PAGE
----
A "scopeguard" for Python

Alf P. Steinbach alfps at start.no
Wed Mar 3 18:18:44 CET 2010


* Robert Kern:
> On 2010-03-03 09:56 AM, Alf P. Steinbach wrote:
>> * Mike Kent:
>>> What's the compelling use case for this vs. a simple try/finally?
>>
>> if you thought about it you would mean a simple "try/else". "finally" is
>> always executed. which is incorrect for cleanup
> 
> Eh? Failed execution doesn't require cleanup? The example you gave is 
> definitely equivalent to the try: finally: that Mike posted.

Sorry, that's incorrect: it's not.

With correct code (mine) cleanup for action A is only performed when action A 
succeeds.

With incorrect code cleanup for action A is performed when A fails.


> The actions 
> are always executed in your example,

Sorry, that's incorrect.


> [The actions are] not [executed] just when an exception isn't  raised.

Sorry, that's incorrect.


>  From your post, the scope guard technique is used "to ensure some 
> desired cleanup at the end of a scope, even when the scope is exited via 
> an exception." This is precisely what the try: finally: syntax is for.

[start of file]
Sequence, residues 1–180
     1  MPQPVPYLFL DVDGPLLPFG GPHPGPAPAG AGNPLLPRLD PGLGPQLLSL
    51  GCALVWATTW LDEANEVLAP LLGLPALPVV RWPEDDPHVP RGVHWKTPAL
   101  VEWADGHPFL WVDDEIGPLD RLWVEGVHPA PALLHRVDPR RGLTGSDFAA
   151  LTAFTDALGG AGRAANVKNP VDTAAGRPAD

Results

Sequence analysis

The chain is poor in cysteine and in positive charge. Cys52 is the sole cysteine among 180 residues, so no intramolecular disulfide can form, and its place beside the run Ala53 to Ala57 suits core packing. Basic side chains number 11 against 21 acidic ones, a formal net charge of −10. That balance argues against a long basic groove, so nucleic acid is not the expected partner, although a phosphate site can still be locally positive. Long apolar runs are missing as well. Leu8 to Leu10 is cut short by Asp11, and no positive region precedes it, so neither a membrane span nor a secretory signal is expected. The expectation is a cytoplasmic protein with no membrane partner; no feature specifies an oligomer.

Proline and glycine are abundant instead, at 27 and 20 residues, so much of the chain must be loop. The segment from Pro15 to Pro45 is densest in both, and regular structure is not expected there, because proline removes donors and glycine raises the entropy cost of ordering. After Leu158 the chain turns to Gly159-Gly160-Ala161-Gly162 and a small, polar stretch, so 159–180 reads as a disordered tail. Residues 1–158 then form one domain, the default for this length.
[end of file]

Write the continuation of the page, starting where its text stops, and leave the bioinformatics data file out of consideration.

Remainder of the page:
You'd have to nest it. That's ugly. And more importantly, now two people in this 
thread (namely you and Mike) have demonstrated that they do not grok the try 
functionality and manage to write incorrect code, even arguing that it's correct 
when informed that it's not, so it's a pretty fragile construct, like goto.


> The with statement allows you to encapsulate repetitive boilerplate into 
> context managers, but a general purpose context manager like your 
> Cleanup class doesn't take advantage of this.

I'm sorry but that's pretty meaningless. It's like: "A house allows you to 
encapsulate a lot of stinking garbage, but your house doesn't take advantage of 
that, it's disgustingly clean". Hello.


Cheers & hth.,

- Alf



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